Thursday, November 13, 2008


Whether one’s views are extreme or not is a function of time and place. In 1859 John Brown was perceived as a monomaniacal radical for raiding Harper’s Ferry and believing that if the slaves were not freed America would be bathed in blood. In 1865 three percent of his nation’s population were dead from a civil war that freed the slaves and John Brown was a martyred folk hero.
In January of 2007 when I started my blog1 I was told that I was an extremist for repeating Paul Ehrlich’s estimate that the earth could support only 2 billion people.
Then 6 months later I read that James Lovelock said that it could only support 750 million.
Then I read an article by microbiologist Peter Salonius called “The 10,000 Year Misunderstanding”2 and it really revolutionized my thinking. It said that the problem wasn’t the overconsumption of industrial civilization. It was agrarian civilization. Earth could only sustainably support 150-300 million people. The soils need a rest.
Here I was starting out in January of 2007 with the proposition that Canada should freeze its current population at 32 million and being called an extremist with a fortress mentality.

Think Salonius was off-beat? Hear the latest? Chris Clugston’s SOA analysis3 is a more comprehensive and contemporary yardstick of carrying capacity than the EFA used by the Global Footprint Network of Rees and Wackernagel.
Extrapolating from the US data, if his SOA analysis was applied to Canada, are you ready, we could support just 1,122,000 people, or the combined populations of Ottawa and Cornwall, Ontario. If we carried on living as we do. If we stayed at 33 million, we would have to survive at 5% of our present per capita GDP. A Cambodian budget in a cold climate? Good luck..

The problem is I think, that sometimes the truth is extreme. Some pretend that it is not my message but the manner in which I tell it. They want me to be a firefighter who politely knocks on a burning building, waits to be invited in, and then in a quiet mellow voice, tactfully and diplomatically whispers for everyone to get out. Including that guy in the Sierra Club with displacement anxiety who polishes the wood furniture rather than acknowledge that the building is going to collapse around him.(I screwed in a fluorescent bulb didn’t I?)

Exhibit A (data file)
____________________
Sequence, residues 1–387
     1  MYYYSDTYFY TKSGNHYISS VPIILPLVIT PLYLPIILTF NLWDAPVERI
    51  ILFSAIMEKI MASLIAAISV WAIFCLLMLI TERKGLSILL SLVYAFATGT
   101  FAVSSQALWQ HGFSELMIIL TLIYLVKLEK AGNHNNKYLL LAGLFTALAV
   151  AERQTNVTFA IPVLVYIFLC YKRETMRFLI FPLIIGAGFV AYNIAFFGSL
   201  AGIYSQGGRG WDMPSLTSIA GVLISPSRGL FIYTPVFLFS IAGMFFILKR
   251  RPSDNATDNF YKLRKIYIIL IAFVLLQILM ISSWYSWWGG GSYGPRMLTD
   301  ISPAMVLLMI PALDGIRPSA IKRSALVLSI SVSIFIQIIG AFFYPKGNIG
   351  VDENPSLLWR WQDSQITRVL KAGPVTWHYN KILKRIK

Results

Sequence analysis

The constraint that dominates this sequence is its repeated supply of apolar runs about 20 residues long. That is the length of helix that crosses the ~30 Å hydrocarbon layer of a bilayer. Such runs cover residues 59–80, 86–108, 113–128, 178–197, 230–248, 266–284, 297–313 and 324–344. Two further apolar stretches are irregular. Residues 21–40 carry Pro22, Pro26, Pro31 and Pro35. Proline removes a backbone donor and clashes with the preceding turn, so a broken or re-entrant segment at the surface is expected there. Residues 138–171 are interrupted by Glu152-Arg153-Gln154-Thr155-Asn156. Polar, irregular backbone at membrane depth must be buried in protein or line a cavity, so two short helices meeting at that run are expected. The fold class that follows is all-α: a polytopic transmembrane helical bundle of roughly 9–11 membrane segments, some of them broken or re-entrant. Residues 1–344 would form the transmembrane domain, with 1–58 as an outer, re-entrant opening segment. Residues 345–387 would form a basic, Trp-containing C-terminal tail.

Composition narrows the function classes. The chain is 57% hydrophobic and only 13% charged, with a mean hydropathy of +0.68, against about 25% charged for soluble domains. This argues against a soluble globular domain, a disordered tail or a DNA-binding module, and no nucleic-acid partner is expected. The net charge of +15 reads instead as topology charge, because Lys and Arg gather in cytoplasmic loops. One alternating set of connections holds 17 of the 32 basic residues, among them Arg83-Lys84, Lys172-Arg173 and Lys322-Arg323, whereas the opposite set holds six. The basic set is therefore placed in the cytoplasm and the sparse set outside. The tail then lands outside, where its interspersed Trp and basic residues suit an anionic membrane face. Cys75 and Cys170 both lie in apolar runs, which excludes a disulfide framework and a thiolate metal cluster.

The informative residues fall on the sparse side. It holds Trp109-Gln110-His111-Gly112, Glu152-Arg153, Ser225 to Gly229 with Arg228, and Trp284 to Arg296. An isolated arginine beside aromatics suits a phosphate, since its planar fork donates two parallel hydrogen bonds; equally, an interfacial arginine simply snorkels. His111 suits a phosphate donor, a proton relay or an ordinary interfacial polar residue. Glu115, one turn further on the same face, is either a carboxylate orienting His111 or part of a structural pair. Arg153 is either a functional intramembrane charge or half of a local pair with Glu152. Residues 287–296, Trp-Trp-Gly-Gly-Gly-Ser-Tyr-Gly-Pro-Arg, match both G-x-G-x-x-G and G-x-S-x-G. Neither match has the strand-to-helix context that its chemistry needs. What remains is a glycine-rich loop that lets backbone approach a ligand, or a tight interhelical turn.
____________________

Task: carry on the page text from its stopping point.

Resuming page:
In granola country, in those far-out pockets of poltical correctness that dot BC (Cortes, Quadra, Gabriola, the Slocan Valley, Nelson) I am indeed an “extremist” and beyond the pale. But I would certainly fit within the New Zealand Green Party who favour population stabilization including immigration caps and are now fighting for a one child policy and taking heat for it. Senator Bob Brown, leader of the Australian Greens, recently called for a Population Policy for Australia on the Senate floor. (Yet) in the Canadian context (I remain) an extremist ....
Is an extremist someone with extreme views or someone who merely sees an extreme situation and boldly announces it ?
Tim Murray
November 10/08
1. My blog.
2. “The 10,000 Year Misunderstanding: A Short History of Overshoot” by Peter Salonius
3. SOA analysis (Societal Overextension Analysis)

1 comment:

Pete Murphy said...

Tim, can you believe that, here in America, it's difficult to convince anyone that a population of 300 million isn't sustainable? It's enough to make me want to emigrate to Canada. That's not a knock on Canada. I love Canada. But I guess I'd be just one more immigrant that you don't want, and I can't blame you for that.

Pete Murphy
Author, "Five Short Blasts"